It was March 16 when Abenaki Chief Samoset brazenly strode into the midst of the colony, much to the dismay of the shivering and hacking Pilgrims. Already familiar with Europeans from fishing vessels and earlier explorers, Samoset took it upon himself to foster goodwill between the immigrants and First Americans.

The plants agreed to give their life-giving medicines as long as Muin would cultivate and fertilize the land for them and teach others to do so. Do this, and the plants would return year after year giving their bounty to the people. Muin agreed to do this.

Samoset introduced the dying Pilgrims to Tisquantum (“Squanto”), who had been kidnapped 6 years earlier by explorer Thomas Hunt and brought back to England and sold into slavery. Tisquantum escaped and returned to America. Nobody knows how. But during the time he was away, he learned the language and ways of the English which later proved crucial to the survival of the settlers at Plymouth Rock.

Finally, after many moons, Muin’s journey was coming to an end. Muin requested the people to prepare a feast to celebrate his return and honor the medicines the plants have given him for the people.

Tisquantum supplied the colony with food. He taught them how to catch fish and successfully hunt local game. As Spring sprung into bloom, he taught them how to plant corn as well as other vegetables.

The people were happy and immediately began preparations for the Feast. After four days, the feast was ready. Berries, fish and other food had been prepared and the people gathered together. And once gathered, the story was told how in Harvest of the year we honor Muin for bounty he has made possible.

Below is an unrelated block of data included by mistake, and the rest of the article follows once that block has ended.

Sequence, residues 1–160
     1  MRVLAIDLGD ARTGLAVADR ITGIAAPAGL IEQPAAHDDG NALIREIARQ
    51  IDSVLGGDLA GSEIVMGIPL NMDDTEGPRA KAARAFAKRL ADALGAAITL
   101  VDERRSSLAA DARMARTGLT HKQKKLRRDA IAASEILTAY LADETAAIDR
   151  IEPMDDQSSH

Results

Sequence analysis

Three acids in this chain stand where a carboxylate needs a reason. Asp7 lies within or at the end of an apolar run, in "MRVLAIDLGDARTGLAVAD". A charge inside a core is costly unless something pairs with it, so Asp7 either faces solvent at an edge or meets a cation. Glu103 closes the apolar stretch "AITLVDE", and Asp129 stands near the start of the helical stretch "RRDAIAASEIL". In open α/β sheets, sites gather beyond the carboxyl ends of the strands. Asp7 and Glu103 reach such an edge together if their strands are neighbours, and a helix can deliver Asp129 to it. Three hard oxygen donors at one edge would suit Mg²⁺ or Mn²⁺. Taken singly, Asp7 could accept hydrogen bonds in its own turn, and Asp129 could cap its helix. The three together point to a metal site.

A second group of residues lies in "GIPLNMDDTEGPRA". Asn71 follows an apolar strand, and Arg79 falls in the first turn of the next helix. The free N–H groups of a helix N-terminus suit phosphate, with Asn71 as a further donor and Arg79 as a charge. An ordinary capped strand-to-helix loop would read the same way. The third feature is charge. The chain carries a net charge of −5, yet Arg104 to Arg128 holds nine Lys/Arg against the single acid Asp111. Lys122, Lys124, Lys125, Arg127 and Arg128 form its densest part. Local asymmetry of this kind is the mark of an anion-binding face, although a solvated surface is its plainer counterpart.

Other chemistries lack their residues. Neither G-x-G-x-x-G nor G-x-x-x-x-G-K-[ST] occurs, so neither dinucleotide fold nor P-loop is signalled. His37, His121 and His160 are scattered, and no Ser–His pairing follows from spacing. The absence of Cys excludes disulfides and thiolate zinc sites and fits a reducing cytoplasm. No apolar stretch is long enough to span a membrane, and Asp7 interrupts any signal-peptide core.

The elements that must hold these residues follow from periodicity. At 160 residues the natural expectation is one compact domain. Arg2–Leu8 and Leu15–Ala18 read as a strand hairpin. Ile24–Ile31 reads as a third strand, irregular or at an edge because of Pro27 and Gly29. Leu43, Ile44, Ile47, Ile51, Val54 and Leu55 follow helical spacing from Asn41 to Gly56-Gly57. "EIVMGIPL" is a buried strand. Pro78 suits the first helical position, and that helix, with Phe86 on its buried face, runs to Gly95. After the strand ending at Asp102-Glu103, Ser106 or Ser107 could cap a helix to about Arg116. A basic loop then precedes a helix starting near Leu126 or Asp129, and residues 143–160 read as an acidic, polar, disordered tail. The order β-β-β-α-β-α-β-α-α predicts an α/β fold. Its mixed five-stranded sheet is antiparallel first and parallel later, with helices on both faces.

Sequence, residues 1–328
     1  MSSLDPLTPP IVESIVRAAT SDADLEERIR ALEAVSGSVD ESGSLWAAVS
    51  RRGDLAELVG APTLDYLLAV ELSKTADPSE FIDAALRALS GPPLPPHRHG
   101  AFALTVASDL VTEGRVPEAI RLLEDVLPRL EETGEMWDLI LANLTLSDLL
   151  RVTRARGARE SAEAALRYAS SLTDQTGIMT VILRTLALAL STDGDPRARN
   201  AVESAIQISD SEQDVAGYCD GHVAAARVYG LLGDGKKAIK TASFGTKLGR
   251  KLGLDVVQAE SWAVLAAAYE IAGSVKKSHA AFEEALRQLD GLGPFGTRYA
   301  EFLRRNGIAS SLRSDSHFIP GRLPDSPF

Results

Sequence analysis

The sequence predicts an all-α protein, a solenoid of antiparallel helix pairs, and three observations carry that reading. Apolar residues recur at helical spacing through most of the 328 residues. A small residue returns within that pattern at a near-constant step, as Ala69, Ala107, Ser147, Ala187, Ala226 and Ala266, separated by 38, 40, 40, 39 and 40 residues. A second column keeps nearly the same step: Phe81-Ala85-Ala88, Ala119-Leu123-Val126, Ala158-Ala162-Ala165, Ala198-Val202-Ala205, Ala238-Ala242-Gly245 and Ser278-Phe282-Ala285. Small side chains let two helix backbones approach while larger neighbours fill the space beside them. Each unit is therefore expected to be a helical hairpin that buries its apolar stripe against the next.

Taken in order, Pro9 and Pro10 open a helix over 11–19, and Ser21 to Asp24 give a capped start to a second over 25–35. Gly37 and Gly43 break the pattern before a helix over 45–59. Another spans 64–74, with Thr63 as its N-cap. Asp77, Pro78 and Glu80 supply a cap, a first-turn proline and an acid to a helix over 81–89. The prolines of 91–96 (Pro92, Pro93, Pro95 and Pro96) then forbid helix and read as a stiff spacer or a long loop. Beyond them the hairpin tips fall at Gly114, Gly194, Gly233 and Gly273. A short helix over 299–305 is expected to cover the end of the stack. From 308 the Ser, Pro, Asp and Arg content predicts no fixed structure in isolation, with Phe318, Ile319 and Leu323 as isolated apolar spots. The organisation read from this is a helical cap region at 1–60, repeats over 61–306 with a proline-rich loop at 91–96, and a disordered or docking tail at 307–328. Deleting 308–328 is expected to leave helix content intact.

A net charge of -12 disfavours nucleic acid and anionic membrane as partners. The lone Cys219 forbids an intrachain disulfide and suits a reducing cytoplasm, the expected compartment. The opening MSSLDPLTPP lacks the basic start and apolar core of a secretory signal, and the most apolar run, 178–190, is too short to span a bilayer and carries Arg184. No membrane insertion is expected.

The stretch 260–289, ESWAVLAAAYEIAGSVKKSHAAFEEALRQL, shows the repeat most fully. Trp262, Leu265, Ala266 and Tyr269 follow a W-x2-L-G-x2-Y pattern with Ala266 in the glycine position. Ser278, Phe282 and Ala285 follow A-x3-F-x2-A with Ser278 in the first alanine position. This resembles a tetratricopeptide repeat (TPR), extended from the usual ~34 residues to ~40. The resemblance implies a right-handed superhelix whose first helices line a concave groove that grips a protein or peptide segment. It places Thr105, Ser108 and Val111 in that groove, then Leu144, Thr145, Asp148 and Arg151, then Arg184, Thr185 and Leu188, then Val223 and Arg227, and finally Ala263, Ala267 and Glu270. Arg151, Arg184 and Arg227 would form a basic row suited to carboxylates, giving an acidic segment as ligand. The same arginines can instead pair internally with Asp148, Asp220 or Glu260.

Under Tisquantum’s guidance, the band of survivors flourished through the summer and into the fall with a plentiful harvest. In all cultures, feasts are used to celebrate good fortune. On September 29, the remaining 47 Pilgrims held a feast of thankfulness as was their custom in Europe. They invited their native hosts, 93 of whom joined them in their celebration.

And so it continues to this day. Muin tills and fertilizes the ground to help plants grow, and during the long cold winter he journeys once again to seek medicines for the people. And each year, in the Harvest and the Spring, native people gather together for a feast in his honor.

Tisquantum didn’t just know the story of Muin and how he helped the people when they were sick, he believed it. Tisquantum found the the very people who had hurt him hungry, sick and dying. All he would have to do is wait, watch, and they would soon be gone. Tisquantum, who instead of exacting an easily justifiable revenge, helped them flourish into abundance.

Compassion for an enemy is counterculture. Forgiveness is radical. But then, all healing is a revolt.

We celebrate Thanksgiving, a time to pause, reflect, and be grateful, the legacy of one man’s selfless actions 400-years ago. One man, reversing rather than perpetuating evil. And perhaps we too, should we find our self trapped, far from where we belong or want to be, lost, strangers in a strange land as a result of our prodigal wanderings, can look to our stories of which Thanksgiving is one, and maybe find not only a way to make the world a little better, but also our way back home.